Encino Man is set to be released April 29th—order your copy on Murfie today!

Encino ManWho: Pigeon John; interviewed by Kayla Liederbach
What: Pigeon John describes the similar spirit in all music, the importance of being your own planet, and the dangerous, relevant, “pinpoint sharp” American genre known as hip hop.
Where: Rock & Roll Hall of Fame (Cleveland, OH) and Murfie headquarters (Madison, WI), via Skype
When: Wednesday, March 12th, 2014
How: Recorded by Kayla Liederbach
File: mp3 version

Find music by Pigeon John in our shop.

Check out more at pigeonjohn.com.

Into RSS? Follow our podcast feed via https://blog.murfie.com/category/podcasts/feed.

Sounds Like Florida: The Best of the Sunshine State

Last week, we brought you the best of the Garden State with New Jersey’s finest. This week, check out the best of Florida!

Lynyrd Skynyrd
Pronounced Leh-Nerd Skin-Nerd

This album is, in a nutshell, the Southern Rock album. Lynyrd Skynyrd, more so than any other band of their time, epitomized that sound by bringing together country, blues and rock to make an incredibly authentic blend. For a debut album—or any album—this is a raw and original sound.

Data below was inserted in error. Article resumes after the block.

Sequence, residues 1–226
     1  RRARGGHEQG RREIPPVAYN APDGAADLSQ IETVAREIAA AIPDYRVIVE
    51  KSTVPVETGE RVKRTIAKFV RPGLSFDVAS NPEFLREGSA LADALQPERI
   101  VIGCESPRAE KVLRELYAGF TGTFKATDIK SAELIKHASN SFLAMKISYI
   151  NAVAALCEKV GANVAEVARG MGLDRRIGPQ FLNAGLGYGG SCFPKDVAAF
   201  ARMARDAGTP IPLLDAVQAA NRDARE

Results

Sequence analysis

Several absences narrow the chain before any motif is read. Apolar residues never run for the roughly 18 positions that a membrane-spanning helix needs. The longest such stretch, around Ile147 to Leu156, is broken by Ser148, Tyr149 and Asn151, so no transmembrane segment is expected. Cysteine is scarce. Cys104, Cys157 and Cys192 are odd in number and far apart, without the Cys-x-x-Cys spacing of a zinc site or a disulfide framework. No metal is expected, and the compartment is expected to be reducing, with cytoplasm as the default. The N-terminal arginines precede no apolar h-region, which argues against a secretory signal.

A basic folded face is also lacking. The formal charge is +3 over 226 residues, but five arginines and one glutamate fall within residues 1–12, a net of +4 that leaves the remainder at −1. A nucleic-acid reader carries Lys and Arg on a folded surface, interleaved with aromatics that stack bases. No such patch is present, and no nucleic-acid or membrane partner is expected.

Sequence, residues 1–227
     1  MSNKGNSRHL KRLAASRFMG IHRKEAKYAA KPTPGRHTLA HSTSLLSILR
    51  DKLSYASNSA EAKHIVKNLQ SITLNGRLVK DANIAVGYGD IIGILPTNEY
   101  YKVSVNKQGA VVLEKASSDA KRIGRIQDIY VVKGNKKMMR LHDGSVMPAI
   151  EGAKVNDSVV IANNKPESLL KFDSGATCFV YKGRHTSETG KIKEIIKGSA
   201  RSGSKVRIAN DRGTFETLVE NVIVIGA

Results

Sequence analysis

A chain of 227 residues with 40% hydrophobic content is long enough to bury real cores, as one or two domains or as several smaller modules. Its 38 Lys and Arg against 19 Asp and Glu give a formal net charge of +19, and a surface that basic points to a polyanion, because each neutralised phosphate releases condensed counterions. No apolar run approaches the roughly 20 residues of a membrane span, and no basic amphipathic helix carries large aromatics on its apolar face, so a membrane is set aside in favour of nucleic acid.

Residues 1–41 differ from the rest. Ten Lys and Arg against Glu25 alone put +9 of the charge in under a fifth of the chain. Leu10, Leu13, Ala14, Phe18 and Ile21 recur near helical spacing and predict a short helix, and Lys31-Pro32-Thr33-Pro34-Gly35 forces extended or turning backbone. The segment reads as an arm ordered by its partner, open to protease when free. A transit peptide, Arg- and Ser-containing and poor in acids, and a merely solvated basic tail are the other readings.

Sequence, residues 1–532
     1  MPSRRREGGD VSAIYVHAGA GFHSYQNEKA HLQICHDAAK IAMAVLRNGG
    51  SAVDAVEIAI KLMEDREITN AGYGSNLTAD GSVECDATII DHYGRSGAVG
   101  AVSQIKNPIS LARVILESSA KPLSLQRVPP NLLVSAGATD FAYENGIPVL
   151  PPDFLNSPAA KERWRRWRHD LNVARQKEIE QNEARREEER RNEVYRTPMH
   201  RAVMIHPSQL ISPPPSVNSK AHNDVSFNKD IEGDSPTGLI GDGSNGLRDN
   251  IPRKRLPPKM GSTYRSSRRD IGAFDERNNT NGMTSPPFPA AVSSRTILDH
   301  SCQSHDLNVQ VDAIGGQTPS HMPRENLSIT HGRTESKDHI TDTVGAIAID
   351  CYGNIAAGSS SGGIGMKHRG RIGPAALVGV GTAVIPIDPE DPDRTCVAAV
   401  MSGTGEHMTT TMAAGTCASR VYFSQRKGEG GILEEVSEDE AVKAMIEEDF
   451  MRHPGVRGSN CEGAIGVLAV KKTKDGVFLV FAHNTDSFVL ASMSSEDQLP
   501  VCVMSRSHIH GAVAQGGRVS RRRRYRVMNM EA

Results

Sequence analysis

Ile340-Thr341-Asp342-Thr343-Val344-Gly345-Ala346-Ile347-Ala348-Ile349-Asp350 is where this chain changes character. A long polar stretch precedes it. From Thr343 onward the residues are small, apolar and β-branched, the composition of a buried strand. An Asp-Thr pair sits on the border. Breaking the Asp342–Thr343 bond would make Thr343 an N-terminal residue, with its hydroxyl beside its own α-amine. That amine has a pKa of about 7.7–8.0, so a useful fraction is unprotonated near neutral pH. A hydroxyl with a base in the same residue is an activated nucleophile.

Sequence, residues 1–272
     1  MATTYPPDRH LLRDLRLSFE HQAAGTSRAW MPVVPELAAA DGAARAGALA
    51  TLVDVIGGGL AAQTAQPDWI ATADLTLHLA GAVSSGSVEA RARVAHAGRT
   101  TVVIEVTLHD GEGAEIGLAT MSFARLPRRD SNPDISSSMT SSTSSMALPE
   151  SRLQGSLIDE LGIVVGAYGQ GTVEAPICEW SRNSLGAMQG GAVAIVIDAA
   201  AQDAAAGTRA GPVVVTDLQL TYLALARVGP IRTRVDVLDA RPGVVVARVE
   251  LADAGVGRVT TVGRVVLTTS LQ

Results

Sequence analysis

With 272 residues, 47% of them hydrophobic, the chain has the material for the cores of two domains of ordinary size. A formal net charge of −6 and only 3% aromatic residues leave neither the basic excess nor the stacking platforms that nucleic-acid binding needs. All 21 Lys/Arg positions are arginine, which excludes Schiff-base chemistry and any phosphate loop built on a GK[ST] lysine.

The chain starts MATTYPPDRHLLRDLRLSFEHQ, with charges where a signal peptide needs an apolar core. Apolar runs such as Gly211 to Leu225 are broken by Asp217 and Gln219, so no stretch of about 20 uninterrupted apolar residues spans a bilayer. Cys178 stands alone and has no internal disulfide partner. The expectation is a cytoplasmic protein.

One of this album’s strengths is how concise it is – with only eight songs, the band doesn’t waste a moment on anything unnecessary. Instead, each song is incredibly strong. Another bold move was the sheer variety moving through the tracklist. Opening with “I Ain’t the One” and moving on to the sadder, slower “Tuesday’s Gone”, the band moves through sounds and emotions seamlessly.

These pieces alone make this album good, but it’s Skynyrd’s one-of-a-kind sound that makes them great. It takes a great band to blend hard rock, country and blues into one, and that ‘s exactly what this album does. Not only was this album the birth of a great band, it’s the birth of a genre.

Don’t Miss Tracks: “Sweet Home Alabama”, “I Ain’t the One”

Iron & Winehttps://www.murfie.com/albums/iron-wine-the-shepherd-s-dog
The Shepherd’s Dog

This album, to put it succinctly, made me an Iron & Wine fan. When it was released, it became the band’s most progressive and unique album to date; the kind of record that takes several listenings to fully appreciate. It’s also a turning point for the band, moving them away from lo-fi recordings towards a fuller sound.